Hence is it that the sequence of day and night is so ordered that labour follows rest and rest comes after labour. Hence also the sun and moon each in turn encompasses the limits of the world, so that the sun with its recurring light may give a greater brightness to the day and the moon with its pale light may not leave the night in total darkness. Hence too the stars in their courses vary in their hour of rising, to mark the time by night and guide the traveller. Hence the seasons that come and go, and begin again to be as they are about to end. Hence seeds put forth, bud, mature, grow old, fade, die and are buried again in the life-giving furrow, and dissolving through corruption, from their salutary death return to life again; from corruption perpetually recurring, their natures are again renewed.

And if brethren, the Voice of God, the trumpet of Christ, through the days, the months, the seasons, the years, calls and recalls, leads forth and leads back, bids to be and bids not to be, gives to death and restores to life, why shall He not do once in us that which He does without ceasing in all other things? Or does the divine power fail only with us: with us for whom alone the Divine Majesty of God has done all that we have said?

Man, if for thee all that God has made, returns from death to life, why should you not live again from death through God? Or does Godís Creation fail in thee alone: for whom every creature daily lives, moves, is changed, renewed? Brethren, this I say, not with any desire to make nothing of the power of the wonders of Christ, but that I may exhort you, that by the example of this one rising from the dead, we may be roused to faith in the resurrection of all men, and may believe that the Cross is the plough of our body, faith its seed, the grave its furrow, dissolution its bud, time its period of waiting; so that when the spring of the Lordís Coming shall smile on us, the full green of our bodies shall rise again in a lifeógiving harvest, that will know no end, no old age, that shall not be bound into bundles, nor suffer the winnowing flail. For leaving our former straw in death, the new fruit of our glorified body shall rise again in the harvest of eternal life.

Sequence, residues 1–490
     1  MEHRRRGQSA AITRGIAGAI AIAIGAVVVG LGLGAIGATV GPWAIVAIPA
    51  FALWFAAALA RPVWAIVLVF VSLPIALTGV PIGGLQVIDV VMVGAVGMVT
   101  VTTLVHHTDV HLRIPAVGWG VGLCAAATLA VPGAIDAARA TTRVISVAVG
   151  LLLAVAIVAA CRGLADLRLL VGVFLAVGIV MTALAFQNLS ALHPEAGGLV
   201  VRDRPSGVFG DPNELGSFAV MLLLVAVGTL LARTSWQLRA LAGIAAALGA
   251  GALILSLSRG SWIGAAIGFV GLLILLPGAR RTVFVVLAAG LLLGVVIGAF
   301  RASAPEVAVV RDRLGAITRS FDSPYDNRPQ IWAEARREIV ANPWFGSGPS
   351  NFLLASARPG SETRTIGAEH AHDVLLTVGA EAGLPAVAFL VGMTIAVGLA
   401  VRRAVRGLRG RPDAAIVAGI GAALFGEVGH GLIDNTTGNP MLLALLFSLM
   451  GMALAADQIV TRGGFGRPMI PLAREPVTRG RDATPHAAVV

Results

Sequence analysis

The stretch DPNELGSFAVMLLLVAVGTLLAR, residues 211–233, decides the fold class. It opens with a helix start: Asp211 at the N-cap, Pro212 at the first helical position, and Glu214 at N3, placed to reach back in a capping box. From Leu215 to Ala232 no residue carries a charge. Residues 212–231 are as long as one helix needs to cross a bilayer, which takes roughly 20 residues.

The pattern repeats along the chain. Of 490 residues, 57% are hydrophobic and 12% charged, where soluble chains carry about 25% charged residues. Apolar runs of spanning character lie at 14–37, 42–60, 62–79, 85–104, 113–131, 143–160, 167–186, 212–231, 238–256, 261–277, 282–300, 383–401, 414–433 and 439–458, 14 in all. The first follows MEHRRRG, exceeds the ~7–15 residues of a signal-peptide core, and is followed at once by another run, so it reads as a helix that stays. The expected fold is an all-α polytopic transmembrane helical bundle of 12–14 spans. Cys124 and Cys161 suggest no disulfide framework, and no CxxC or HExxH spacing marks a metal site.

If at the earthly tears of one widow Christ was so moved that He came to meet her on the way, to dry the tears of grief falling from her eyes, to strike again at death, to bring back a man, to raise a body, to bring back life, to change weeping into joy and change a sorrowful burial into a festival of birth, to give back living to his mother one already lying upon the bier of death, what will He not do, now glowing in His strength, in answer to the unceasing prayer of His Church, to the sweat of blood of His Spouse? For the Church pours forth her tears in unceasing supplication, and through her martyrs a sweat of blood, that Christ meeting her shall restore her only son, the Christian people, whom so many generations bear to death, from the bier of mortality to the everlasting joy of the Heavenly Mother.